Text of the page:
- The Washington Times - Friday, March 29, 2002

Sudan plans to send a prime suspect in a 1995 attempt to assassinate Egyptian President Hosni Mubarak to Cairo to face charges, Sudanese and U.S. officials said.

Sudanese Information Minister Mahdi Ibrahim said in a phone interview with UPI on Tuesday that his government had begun a process to send Abu Anas Misri to Egypt for trial.

"He was in the country without proper documents, then he gave information which was perceived as not correct for which he was taken to court," Mr. Ibrahim said. Misri was sentenced to 40 years in prison but Mr. Ibrahim said Sudan is negotiating with Egypt "in a process that will ultimately end by extraditing him to Cairo."

In the past, the United States has urged Sudan and other nations to hand over suspected terrorists to third countries without a legal process known as rendition.

But Sudanese Justice Minister Ali Muhammed Osman Yassin told UPI Tuesday that Misri's extradition will be based on a 1902 treaty with Egypt, signed when both countries were colonial possessions of Britain.

"We are trying to help this matter by working within the Sudanese legal structure to create a positive environment to help the Egyptian government," he said.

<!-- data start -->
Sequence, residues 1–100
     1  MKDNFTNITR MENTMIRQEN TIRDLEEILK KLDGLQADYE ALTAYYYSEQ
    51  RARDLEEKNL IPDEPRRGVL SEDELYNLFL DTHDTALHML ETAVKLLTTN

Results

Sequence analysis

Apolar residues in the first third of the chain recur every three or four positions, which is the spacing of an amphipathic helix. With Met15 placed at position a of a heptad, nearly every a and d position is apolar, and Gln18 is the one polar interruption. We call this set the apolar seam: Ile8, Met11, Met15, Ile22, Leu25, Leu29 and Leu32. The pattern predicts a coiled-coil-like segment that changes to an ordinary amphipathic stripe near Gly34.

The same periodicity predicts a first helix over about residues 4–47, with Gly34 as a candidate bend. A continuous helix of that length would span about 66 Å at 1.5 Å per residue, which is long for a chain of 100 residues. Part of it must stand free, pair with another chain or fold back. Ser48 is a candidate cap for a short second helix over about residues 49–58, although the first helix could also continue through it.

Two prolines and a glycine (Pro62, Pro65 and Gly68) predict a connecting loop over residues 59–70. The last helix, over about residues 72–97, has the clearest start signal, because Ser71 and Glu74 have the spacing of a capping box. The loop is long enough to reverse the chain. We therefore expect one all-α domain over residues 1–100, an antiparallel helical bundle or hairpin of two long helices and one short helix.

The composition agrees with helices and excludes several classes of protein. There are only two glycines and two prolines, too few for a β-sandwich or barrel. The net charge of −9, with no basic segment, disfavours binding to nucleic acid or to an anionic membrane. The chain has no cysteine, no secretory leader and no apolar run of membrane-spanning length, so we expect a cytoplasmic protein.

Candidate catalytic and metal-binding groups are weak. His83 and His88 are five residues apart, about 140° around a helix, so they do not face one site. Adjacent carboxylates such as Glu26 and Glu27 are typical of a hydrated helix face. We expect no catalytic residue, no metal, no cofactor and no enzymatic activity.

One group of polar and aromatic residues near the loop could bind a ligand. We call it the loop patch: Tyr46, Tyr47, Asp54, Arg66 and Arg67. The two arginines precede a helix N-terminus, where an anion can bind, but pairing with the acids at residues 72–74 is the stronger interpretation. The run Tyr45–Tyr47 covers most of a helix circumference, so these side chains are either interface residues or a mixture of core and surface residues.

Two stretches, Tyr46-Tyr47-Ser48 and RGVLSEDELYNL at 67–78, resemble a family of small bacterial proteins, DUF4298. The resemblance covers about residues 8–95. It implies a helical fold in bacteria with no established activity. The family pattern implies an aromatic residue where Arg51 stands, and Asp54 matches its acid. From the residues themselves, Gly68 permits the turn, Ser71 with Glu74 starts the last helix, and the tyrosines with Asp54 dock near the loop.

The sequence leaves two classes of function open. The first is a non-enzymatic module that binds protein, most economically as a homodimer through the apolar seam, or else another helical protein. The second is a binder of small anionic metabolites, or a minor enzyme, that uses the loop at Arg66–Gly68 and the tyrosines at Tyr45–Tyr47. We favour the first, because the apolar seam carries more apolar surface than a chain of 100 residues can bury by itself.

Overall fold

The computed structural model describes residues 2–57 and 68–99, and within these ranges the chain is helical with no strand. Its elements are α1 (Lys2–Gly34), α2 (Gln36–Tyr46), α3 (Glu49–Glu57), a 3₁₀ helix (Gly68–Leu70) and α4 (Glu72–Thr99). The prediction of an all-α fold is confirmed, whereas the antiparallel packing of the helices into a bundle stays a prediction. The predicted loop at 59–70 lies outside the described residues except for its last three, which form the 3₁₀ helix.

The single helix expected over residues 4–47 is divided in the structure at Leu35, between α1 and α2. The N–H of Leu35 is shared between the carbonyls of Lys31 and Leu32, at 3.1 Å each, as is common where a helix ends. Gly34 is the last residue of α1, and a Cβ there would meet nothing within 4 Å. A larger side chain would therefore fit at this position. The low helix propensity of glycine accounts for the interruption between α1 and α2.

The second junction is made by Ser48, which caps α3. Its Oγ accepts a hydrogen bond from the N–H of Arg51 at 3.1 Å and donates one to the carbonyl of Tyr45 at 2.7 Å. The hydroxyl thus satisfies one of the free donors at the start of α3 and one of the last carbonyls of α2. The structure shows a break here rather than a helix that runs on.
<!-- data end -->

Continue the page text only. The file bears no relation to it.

Misri is believed by the United States to be one of the main plotters of a 1995 assassination attempt against Mr. Mubarak, two U.S. officials told UPI. Gunmen attacked the Egyptian president's motorcade in Addis Ababa, Ethiopia, in June 1995, when he was attending a summit meeting of the Organization of African Unity. He escaped unhurt.

There has been some confusion over the identity of the suspect in Sudanese custody. Earlier this month, U.S. officials told reporters that the man was Abu Anas Liby, wanted by the FBI for his suspected role in plotting the 1998 bombings of two U.S. embassies in east Africa.

Both U.S. and Sudanese officials later confirmed that the man was not Liby. This week, they claimed to have resolved any doubts about the suspect's identity.

Mr. Ibrahim said Egypt would like interrogate Misri, who is linked to a branch of the Egyptian Islamic Jihad militant group.


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